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"For the dead travel fast",
This review is from: Dracula (Barnes & Noble Classics Series) (Paperback)Surprisingly "Denn die Toten reiten schnell" or "For the dead travel fast" is more than an opening line to this tale of love in the dangerous moon light. After watching several Drac movies and a few Nosferatu's, I pretty much though I had a handle on the genera. Little did I know what a wonderful world of mystery and suspense that Bram Stoker opened up for me.
The story is told mostly third party though the papers, diaries, and phonograph recordings (on wax cylinders) of those people involve in a tale so bizarre that it almost defies belief. The general story line is that of a Count that plans to move to a more urban setting (from Borgo Pass to London) where there is a richer diet. There he finds succulent women; something he can sing his teeth in. Unfortunately for him a gang of ruffians (including a real-estate agent, asylum director, Texas cowboy and an Old Dutch abnormal psychologist) is out to detour his nocturnal munching. They think they have Drac on the run but with a wing and a prayer he is always one step ahead.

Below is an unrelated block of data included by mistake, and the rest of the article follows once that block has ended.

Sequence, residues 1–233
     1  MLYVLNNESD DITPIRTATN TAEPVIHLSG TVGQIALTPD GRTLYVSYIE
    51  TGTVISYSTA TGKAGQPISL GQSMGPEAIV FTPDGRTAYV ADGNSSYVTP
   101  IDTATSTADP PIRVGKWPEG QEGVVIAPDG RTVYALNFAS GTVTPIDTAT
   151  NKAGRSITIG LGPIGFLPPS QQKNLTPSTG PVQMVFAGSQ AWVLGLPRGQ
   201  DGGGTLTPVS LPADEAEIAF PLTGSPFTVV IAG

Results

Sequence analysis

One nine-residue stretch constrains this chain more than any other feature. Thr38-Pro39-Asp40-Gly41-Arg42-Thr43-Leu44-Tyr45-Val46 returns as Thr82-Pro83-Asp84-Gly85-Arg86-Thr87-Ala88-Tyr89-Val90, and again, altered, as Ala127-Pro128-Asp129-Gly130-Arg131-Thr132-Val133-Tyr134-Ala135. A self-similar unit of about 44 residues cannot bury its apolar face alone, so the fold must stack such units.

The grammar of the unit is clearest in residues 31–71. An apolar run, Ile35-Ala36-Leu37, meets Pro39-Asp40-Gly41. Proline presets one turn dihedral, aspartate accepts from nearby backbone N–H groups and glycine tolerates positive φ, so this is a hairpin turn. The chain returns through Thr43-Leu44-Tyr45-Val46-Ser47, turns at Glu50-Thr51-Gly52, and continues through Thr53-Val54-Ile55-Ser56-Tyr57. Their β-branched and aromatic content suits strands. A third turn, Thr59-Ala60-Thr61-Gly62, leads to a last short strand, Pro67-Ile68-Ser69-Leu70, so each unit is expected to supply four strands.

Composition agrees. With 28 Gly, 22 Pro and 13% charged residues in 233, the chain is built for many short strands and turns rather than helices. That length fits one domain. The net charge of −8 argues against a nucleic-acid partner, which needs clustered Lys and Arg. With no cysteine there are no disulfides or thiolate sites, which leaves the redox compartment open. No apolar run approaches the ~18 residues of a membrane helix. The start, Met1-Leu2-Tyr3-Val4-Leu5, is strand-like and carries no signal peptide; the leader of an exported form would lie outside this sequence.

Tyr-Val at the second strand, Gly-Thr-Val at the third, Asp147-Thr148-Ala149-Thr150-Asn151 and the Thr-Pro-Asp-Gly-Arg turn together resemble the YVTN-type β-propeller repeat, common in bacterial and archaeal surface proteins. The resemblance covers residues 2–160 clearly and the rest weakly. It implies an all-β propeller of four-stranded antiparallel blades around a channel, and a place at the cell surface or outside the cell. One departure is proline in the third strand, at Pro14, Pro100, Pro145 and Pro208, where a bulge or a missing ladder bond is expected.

Of more value to the reader is the rich prose chosen by Stoker as he describes the morals and technology of the time. We have to come to grips with or decide if we can perform the rituals that are required to eliminate vampires verses the impropriety of opening graves and staking loved ones. The powers in the book differ from the movie versions in that they are more of persuasion and capabilities to manipulate the local weather. At one point the Dutch Dr. Van Helsing, is so overwhelmed by a beautiful vampire laying in the grave that he almost for gets why he is there and may become vamp chow.
All in all the story is more in the cunning chase. And the question as to will they succeed or will Dracula triumph. Remember "For the dead travel fast."